By Deirdre Darr, Executive Director of the Shrine of St. Therese

Kislia lr
Introducing our first volunteer: “I’m Kislia Miller! I am currently studying nursing at the Catholic University of America in Washington, DC, and I hope to graduate in December 2015. I’m excited to spend the summer at the Shrine of St. Therese! In high school I went to the National Catholic Youth Conference, which made me love and deepen my faith. Unfortunately, since college, my faith hasn’t been nourished. I hope to re-nourish and to grow in my faith while being here, as well as hike as many trails as I can!! I love exploring and being active! While at school, I work at Children’s National Medical Center. In my free time, I like to knit baby blankets (however bad I may be at knitting) for the various homeless shelters in the Washington, DC area. Last October, I ran the Marine Corps Marathon with the Archdiocese for the Military Services which was a great accomplishment for me!”

Since the building of the Shrine of St. Therese there was a hope that a community would live and work at the Shrine. Originally, it was hoped that a few of the Sisters of St. Ann would live in what is now the Caretaker House; that plan was never realized. Over the years there were attempts to establish a community, but for various reasons the plans never materialized into a community. Interestingly, I only discovered this history after I asked former Caretaker Jeanne Jordan if it might be feasible to have a community of live-in volunteers at the Shrine; she’d had the same idea. Clearly, the Holy Spirit was at work giving clues about the direction in which the Shrine should move. Last fall when Jeanne and Jack Jordan announced that they would be retiring in March 2015 after 8 years of service to the Shrine, it seemed like a good time to try to make a community happen.

The development of the program is owed directly to the Holy Spirit. There is a lot of work to be done at the Shrine and it is too much for one or two people to accomplish, so having extra help seems like a no-brainer, but what could the Shrine offer the volunteers? This is where the Holy Spirit broke into my prayers and thoughts about this idea: establishing a community for prayer and discernment was the answer to my question. This seemed like a good answer, but would it really work? Later that week I read a study from the Center of Applied Research in the Apostolate (CARA) which stated that young people are more likely to enter the priesthood or religious life if they have the time and space to discern God’s call. Okay, Holy Spirit, prayer and discernment it is.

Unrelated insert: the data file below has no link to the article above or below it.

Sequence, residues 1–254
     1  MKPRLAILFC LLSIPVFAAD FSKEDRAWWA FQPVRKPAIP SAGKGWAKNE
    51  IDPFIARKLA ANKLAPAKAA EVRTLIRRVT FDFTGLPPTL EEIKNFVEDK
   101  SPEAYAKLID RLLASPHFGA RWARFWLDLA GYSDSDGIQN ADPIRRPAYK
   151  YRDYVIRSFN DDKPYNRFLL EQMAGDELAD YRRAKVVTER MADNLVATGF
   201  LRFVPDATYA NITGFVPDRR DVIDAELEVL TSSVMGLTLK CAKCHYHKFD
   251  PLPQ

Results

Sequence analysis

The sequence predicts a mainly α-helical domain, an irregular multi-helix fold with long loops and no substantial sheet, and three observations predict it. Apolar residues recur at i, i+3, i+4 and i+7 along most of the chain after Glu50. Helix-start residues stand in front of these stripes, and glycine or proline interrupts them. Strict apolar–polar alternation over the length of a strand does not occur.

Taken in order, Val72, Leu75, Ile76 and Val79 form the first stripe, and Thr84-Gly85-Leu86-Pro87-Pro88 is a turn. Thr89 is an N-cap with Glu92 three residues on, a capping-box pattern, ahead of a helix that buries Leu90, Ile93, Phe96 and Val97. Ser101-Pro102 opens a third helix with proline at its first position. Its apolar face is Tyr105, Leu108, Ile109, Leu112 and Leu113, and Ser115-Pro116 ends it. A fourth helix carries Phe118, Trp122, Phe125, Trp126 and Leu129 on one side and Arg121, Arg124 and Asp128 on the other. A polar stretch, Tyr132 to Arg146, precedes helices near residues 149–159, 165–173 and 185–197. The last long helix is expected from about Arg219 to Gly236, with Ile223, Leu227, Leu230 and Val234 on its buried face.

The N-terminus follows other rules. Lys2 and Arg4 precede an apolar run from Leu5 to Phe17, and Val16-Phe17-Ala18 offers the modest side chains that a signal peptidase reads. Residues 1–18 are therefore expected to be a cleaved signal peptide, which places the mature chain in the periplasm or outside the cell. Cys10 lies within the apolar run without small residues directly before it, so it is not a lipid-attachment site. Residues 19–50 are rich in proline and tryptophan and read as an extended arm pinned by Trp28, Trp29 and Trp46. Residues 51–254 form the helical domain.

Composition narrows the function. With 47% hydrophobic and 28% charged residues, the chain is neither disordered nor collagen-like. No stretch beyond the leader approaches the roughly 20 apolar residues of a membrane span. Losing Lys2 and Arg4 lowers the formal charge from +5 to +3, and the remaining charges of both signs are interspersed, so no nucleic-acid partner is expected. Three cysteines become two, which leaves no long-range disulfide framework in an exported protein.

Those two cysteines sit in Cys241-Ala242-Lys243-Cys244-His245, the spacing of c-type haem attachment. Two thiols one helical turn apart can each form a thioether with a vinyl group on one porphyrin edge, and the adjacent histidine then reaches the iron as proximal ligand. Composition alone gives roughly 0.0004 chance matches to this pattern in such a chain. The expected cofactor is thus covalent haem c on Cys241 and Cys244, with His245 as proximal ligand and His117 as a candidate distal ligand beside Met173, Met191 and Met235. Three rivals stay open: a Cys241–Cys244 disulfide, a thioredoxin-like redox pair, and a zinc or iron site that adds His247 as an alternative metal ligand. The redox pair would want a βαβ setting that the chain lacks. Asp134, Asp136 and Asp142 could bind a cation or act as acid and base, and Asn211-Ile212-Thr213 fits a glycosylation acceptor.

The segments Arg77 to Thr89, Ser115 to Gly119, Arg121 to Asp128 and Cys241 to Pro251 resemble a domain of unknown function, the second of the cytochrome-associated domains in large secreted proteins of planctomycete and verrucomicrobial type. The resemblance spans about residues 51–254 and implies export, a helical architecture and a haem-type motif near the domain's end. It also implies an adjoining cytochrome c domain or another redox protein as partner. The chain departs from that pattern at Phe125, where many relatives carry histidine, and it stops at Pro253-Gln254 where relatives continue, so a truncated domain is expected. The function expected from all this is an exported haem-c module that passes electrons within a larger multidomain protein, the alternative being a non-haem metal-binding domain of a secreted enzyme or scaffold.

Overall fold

I’m not suggesting that every person who enters the program will become a priest or religious, but hopefully, they will have the opportunity to converse with God about vocation. Where do my gifts intersect with the world’s great needs? If the Shrine can give the time and space for a young person to ponder that question, then the program is a success. That is how the Volunteers of St. Therese (VST) were founded and on June 7, 2015 the Shrine welcomed its first volunteer: Kislia Miller.

The mission statement of VST is: The Volunteers of St. Therese work together caring for the Shrine of St. Therese property and grounds while living a simple life in intentional community, discerning God’s path. Kislia and future VST will assist the Caretakers in the day to day running of the Shrine: preparing cabins for guests, gardening, snow removal, cleaning the grounds, and all the other jobs that must be completed. Currently, the Volunteers live with the Caretakers; the hope is that the program will expand and a new house will be built on the property to house the VST. Prayer and discernment are an important aspect of the program. Morning and Evening Prayer from the Liturgy of the Hours will bookend the day and the Volunteers are to spend time in prayer and reflection each day. Based on the spirituality and prayer practice of the Volunteers other devotions may be added, like the Rosary or Eucharistic Adoration.

The VST program would be a great option for someone who is finishing a “traditional” service year, like the Jesuit Volunteers, since it allows time for reflection and integration which isn’t always possible during a service year. It would also be a good option for someone who is considering a change in life such as a new career direction. And, it would be a great opportunity for someone who needs the time and space to discern a call to the priesthood or religious life. There isn’t an age limit to the program and it is open to Catholics or someone seriously discerning joining the Catholic Church.

Please keep the VST in your prayers. Since this is the first year of the program, we need all the prayers we can get. A few tangible ways to help the VST would be to introduce them to other people in the community, invite them for a hike or camping trip, or sponsor them to visit other parts of the Diocese.

If you or someone you know might be interested in the program, please contact the Shrine: juneaushrine@live.com .